Applied Chemistry, Vol. 3, Issue 1, Mar  2020, Pages 10-16; DOI:

Comparative Studies of the Adsorption of Dyes on Raw Fish Bone

Applied Chemistry, Vol. 3, Issue 1, Mar  2020, Pages 10-16.


Khin Ei Ei Thein 1* , Chit Chit Nyo 1 , Su Su Aung 2

1 Chemistry Department, University of Yangon, Yangon, Myanmar

2 Chemistry Department, Banmaw University, Banmaw , Myanmar

Received: 28 June 2020; Accepted: 15 July 2020; Published: 29 July 2020

Full-Text HTML | Download PDF | Views 39 | Download 23


The prepared raw fish bone was used as the effective sorbent for the removal of organic dyes. The waste fish bone was collected from the local market in Banmaw, Kachin State. Physicochemical properties of fish bone such as moisture, pH, bulk density and specific surface area were determined by recommended methods. Fish bone sample was characterized by modern techniques such as EDXRF and SEM analyses. Sorption studies of fish bone sample were carried out by spectrophotometric method. Two model dyes Congo red as acid dye and Malachite green as basic dye were used in sorption experiments. The effect of sorption parameters such as initial concentration, contact time and adsorbent dosage on the removal of specified colored dye was investigated. The maximum removal percent of Congo red was found to be 62.33% at the specified conditions such as initial dye concentration (50mgL-1), dosage (0.1g/20mL), and contact time (90min). In the case of Malachite green as sorbate, the maximum removal percent was detected as 76.04% under the conditions which were the same as sorbate Congo red.


Adsorption, Adsorbent, Dyes, Malachite Green, Congo Reds


© 2017 by the authors. Licensee International Technology and Science Press Limited. This article is an open access article distributed under the terms and conditions of the Creative Commons Attribution (CC BY) License, which permits unrestricted use, distribution, and reproduction in any medium, provided the original work is properly cited.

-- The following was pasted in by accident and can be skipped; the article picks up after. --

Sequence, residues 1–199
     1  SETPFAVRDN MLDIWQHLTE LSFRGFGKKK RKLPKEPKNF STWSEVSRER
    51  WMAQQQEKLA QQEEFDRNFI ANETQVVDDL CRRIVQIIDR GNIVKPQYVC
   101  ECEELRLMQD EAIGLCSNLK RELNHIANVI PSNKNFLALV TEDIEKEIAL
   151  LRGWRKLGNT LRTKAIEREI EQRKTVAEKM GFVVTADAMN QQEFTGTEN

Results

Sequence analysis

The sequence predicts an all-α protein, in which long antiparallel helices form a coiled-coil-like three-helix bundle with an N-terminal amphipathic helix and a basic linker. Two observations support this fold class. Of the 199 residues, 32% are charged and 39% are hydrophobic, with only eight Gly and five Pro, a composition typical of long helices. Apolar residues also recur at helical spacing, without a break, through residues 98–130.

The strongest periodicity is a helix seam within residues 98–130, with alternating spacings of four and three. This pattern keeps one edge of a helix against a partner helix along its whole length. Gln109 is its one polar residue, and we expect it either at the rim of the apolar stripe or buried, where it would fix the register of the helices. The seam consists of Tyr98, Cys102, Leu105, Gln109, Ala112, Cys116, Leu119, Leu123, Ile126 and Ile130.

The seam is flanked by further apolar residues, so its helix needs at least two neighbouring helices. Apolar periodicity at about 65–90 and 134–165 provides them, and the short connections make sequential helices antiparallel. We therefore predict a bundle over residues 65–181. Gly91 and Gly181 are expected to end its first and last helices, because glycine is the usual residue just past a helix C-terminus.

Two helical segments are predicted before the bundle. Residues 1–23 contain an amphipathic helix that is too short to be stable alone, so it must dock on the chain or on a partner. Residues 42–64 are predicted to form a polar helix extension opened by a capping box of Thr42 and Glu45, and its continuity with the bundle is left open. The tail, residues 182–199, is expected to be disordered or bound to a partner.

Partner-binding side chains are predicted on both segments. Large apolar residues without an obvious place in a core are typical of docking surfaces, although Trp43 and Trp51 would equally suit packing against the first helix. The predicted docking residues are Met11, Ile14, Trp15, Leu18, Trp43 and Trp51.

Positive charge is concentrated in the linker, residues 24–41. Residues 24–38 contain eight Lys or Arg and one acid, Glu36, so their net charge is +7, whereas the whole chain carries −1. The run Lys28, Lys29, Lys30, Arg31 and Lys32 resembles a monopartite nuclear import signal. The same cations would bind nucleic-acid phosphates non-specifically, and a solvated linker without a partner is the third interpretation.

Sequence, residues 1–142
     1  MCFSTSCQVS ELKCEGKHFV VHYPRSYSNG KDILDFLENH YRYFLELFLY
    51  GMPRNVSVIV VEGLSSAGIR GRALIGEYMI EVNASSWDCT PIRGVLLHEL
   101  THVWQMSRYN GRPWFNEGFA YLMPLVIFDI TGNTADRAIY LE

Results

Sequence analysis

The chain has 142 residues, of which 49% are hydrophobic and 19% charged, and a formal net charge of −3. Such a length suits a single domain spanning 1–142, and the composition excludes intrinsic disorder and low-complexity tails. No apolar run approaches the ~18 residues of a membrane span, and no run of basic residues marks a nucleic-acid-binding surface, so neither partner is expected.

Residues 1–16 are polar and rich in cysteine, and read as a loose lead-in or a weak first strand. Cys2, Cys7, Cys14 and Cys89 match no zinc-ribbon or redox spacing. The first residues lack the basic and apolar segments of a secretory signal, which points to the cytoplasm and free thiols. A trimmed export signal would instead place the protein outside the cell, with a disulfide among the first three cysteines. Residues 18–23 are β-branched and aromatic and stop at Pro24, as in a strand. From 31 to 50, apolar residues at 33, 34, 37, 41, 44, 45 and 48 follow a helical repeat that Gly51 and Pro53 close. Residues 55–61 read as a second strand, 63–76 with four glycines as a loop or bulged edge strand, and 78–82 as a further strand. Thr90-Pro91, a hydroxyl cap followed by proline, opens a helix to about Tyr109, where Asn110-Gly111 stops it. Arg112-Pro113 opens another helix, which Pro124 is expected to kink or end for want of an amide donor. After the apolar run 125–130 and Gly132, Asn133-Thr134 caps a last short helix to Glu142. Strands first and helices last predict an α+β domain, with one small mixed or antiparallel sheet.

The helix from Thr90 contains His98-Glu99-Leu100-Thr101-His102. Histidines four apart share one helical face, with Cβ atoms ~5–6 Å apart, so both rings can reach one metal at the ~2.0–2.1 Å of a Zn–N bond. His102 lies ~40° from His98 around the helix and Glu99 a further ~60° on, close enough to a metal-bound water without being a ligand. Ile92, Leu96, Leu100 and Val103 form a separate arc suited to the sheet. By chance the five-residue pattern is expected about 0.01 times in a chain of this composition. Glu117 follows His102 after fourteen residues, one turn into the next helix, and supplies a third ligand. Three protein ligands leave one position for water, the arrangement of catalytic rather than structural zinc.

[1] Anielak, A.M. Adsorption of Acid Dyes on Active Carbon. Environment Science Research, New York and London: Plenum Press, 1996, 51, 527-534.

[2] Ayari,  F.; Srasra, E.; Ayadi, M.T. Characterization of Bentonite Clays and Their Uses as  Adsorbent. Desalination, 2005, 185, 391-395.

[3] Bakaev, V.A.; Steele, W.A. Langmuir Isotherm. Journal of  Scientific and Industrial Research, Department of Chemistry, India, 2012, 58, 13-77.

[4] Benaissa. H. Removal of Acid Dyes from Aqueous Solutions Using Orange Peel as a Sorbent Material. Ninth International Water Technology Conference, IWTC9, Sharm El - Sheikh, Egypt. 2005; pp.175-1187.

[5] Defay, R.; Prigogine, I.; Bellemans, A.I.; Everett, D.H. Surface Tension and Adsorption, London: 2009, 58, 857-859.

[6] Devarly, P. The Use of Activated Carbon Prepared from Jack Fruit Peel Waste for Methylene Blue Removal. J. Environmental  Protection  Science, 2008, 2, 1-10.

[7]Devaux, X. Adsorption of Basic Dye on Strongly Chelating Polymer: Batch Kinetic Studies. J. Dyes and Pigments, 1991, 60, 34-40. 

[8]Esin, C.; Filiz, K. Rapeseed Charcoal: Production And Characterization, Energy Sources, Istanbul Technical University, Turkey, 2000, 22, 625-630. 

[9]Lorenc, G.E. Adsorption Characteristics of Congo Red on Coal-Based  Mesoporous Activated Carbon. J. Dyes and Pigments, 2005, 74, 34-40.

[10]Mazharul, L.K. Basic Dye / Cationic Dye / Properties of Basic Dye. J. Dyes and Pigments, 2010, 80, 25-30.

Related Articles